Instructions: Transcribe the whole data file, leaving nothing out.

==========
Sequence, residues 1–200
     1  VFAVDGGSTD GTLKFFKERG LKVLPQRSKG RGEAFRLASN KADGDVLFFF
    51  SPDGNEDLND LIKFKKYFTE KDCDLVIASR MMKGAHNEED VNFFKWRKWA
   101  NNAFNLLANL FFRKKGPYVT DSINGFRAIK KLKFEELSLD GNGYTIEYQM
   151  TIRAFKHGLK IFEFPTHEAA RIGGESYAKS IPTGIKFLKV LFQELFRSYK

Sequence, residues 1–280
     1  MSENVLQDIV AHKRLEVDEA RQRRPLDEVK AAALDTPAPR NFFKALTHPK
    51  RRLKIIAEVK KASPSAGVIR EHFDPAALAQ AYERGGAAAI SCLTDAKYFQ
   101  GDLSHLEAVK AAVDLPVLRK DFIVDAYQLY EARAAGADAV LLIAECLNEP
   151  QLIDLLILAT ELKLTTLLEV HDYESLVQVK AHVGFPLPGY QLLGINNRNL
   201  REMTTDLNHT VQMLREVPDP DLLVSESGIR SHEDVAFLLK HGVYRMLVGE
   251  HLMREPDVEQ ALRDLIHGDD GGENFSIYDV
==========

Sequence, residues 1–200
     1  VFAVDGGSTD GTLKFFKERG LKVLPQRSKG RGEAFRLASN KADGDVLFFF
    51  SPDGNEDLND LIKFKKYFTE KDCDLVIASR MMKGAHNEED VNFFKWRKWA
   101  NNAFNLLANL FFRKKGPYVT DSINGFRAIK KLKFEELSLD GNGYTIEYQM
   151  TIRAFKHGLK IFEFPTHEAA RIGGESYAKS IPTGIKFLKV LFQELFRSYK

Sequence, residues 1–280
     1  MSENVLQDIV AHKRLEVDEA RQRRPLDEVK AAALDTPAPR NFFKALTHPK
    51  RRLKIIAEVK KASPSAGVIR EHFDPAALAQ AYERGGAAAI SCLTDAKYFQ
   101  GDLSHLEAVK AAVDLPVLRK DFIVDAYQLY EARAAGADAV LLIAECLNEP
   151  QLIDLLILAT ELKLTTLLEV HDYESLVQVK AHVGFPLPGY QLLGINNRNL
   201  REMTTDLNHT VQMLREVPDP DLLVSESGIR SHEDVAFLLK HGVYRMLVGE
   251  HLMREPDVEQ ALRDLIHGDD GGENFSIYDV